The movement in Florida, such as it is, has come from Clinton pulling in those previously undecided. Although she does get a few more Republicans now than Trump does Democrats, both of their support bases have remained largely locked in, and it remains a campaign in which voters feel they don't have a lot of choice. That may in turn explain why there have been so few outright swing voters.

In Florida, one-third feel they're choosing a candidate despite not liking either one, and just two percent feel they have two good choices between Trump and Clinton. In New Hampshire, that number is just one percent.

And in a year that's already provided so many counterintuitive findings, here we find that authenticity - often believed to be a valued attribute for a candidate - doesn't always correspond with who is ahead. Seven in ten voters feel Trump is showing who he really is on the campaign trail, but he is trailing. A majority feel Hillary Clinton isn't showing who she really is, but she's leading nonetheless.

Clinton's lead is starting to get locked in, guys.  It also means that the Clinton campaign's efforts to get out the vote have to be top notch in order to keep people motivated to get out and vote in November.

I still believe this is going to be one of the lowest presidential election turnouts in a long time.  The most recent nadir was 49% in 1996, just below the 50.3% in 2000 that ended up in front of the Supreme Court.  I think we'll be in the upper 40's at best and maybe less than 45%, which is why I have a pretty bad feeling about the the Dems taking back the House and Senate and Congress remaining in GOP hands.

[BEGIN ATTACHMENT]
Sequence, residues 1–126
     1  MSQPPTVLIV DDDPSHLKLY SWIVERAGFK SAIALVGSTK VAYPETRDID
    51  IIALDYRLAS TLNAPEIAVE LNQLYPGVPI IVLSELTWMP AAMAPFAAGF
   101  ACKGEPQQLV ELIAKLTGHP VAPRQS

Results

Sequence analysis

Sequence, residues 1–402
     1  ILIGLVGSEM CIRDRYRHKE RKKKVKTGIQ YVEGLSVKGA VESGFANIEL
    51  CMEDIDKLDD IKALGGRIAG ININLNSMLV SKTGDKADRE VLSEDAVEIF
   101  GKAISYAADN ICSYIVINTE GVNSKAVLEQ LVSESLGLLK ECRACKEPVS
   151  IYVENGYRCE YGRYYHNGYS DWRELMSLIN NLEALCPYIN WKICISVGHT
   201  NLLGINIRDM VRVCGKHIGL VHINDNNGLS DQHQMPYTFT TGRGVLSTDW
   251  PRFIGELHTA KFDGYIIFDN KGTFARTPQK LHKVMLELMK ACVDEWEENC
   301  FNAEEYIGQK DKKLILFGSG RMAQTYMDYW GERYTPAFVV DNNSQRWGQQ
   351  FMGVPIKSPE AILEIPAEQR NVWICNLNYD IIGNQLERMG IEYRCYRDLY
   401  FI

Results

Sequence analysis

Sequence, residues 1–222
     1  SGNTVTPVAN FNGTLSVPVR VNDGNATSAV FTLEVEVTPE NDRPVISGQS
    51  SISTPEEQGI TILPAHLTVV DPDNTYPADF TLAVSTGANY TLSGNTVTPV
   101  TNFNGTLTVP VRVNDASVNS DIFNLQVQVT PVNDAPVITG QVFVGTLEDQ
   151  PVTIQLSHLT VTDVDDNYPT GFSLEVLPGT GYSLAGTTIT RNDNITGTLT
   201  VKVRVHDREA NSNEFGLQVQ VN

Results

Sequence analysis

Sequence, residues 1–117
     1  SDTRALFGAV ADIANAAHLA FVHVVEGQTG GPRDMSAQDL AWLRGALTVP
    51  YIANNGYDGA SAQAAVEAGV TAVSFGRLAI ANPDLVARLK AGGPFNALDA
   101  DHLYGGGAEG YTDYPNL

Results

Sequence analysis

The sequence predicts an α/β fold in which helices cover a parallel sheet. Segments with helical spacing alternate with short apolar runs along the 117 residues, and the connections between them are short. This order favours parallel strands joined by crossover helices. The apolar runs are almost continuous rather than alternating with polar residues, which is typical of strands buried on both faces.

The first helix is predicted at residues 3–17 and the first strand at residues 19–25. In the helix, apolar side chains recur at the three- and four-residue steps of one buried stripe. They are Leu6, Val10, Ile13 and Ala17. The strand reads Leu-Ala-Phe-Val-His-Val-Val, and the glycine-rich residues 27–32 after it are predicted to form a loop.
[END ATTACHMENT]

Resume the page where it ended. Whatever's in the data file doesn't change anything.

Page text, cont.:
But...who knows?  I could be wrong.  Maybe Trump's awfulness will get people to come out and vote against him -- and the GOP -- like they did in 2008.  If that's the case, the Trump campaign may hit a critical mass and implode, taking Republicans this year along with it.

We'll see.

Black Lives Still Matter

Another shooting by police, this time of an armed black man suspected of robbery in Milwaukee, that led to a crowd gathering in protest and violence.

A standoff between police and an angry crowd turned violent Saturday night in the hours after a Milwaukee police officer shot and killed an armed suspect during a foot chase on the city's north side.

After an hours-long confrontation with officers, police reported at 10:15 p.m. that a gas station at N. Sherman Blvd. and W. Burleigh St. was set on fire. Police said firefighters could not for a time get close to the blaze because of gunshots.

Later, fires were started at businesses — including a BMO Harris Bank branch, a beauty supply company and O'Reilly Auto Parts stores — near N. 35th and W. Burleigh streets, a grim and emphatic Mayor Tom Barrett said. He spoke at a midnight news conference at the District 3 police station at N. 49th St. and W. Lisbon Ave. 
He and Common Council President Ashanti Hamilton pleaded with the public for calm. Barrett promised a strong police presence in coming days.

The mayor said some involved in the disturbances took to social media early in the evening to encourage others to come out and participate in trouble-making. He said many of them were young people, and he urged parents to keep tight reins on their children to avoid a repeat of Saturday night.

"Our police officers are doing everything they can to restore order," he said. But he said everyone needed to help restore calm.

"If you love your son, if you love your daughter, text them, call them, pull them by their ears, get them home."

The mayor said police had "shown an amazing amount of restraint" Saturday evening.